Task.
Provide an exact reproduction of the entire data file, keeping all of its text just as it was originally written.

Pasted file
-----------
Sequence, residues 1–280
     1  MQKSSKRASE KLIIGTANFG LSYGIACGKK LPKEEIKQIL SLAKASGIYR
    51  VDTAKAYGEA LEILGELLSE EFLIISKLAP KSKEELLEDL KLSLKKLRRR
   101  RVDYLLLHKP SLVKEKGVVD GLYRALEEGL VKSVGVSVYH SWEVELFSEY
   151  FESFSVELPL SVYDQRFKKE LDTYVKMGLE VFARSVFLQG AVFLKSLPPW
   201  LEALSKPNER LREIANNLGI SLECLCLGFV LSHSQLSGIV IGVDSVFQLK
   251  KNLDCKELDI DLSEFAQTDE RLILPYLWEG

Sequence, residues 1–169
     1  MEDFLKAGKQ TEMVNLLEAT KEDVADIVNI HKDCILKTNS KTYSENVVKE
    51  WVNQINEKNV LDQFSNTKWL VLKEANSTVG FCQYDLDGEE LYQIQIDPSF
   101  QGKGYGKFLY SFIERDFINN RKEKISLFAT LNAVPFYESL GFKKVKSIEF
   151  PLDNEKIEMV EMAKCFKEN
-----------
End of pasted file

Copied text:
Sequence, residues 1–280
     1  MQKSSKRASE KLIIGTANFG LSYGIACGKK LPKEEIKQIL SLAKASGIYR
    51  VDTAKAYGEA LEILGELLSE EFLIISKLAP KSKEELLEDL KLSLKKLRRR
   101  RVDYLLLHKP SLVKEKGVVD GLYRALEEGL VKSVGVSVYH SWEVELFSEY
   151  FESFSVELPL SVYDQRFKKE LDTYVKMGLE VFARSVFLQG AVFLKSLPPW
   201  LEALSKPNER LREIANNLGI SLECLCLGFV LSHSQLSGIV IGVDSVFQLK
   251  KNLDCKELDI DLSEFAQTDE RLILPYLWEG

Sequence, residues 1–169
     1  MEDFLKAGKQ TEMVNLLEAT KEDVADIVNI HKDCILKTNS KTYSENVVKE
    51  WVNQINEKNV LDQFSNTKWL VLKEANSTVG FCQYDLDGEE LYQIQIDPSF
   101  QGKGYGKFLY SFIERDFINN RKEKISLFAT LNAVPFYESL GFKKVKSIEF
   151  PLDNEKIEMV EMAKCFKEN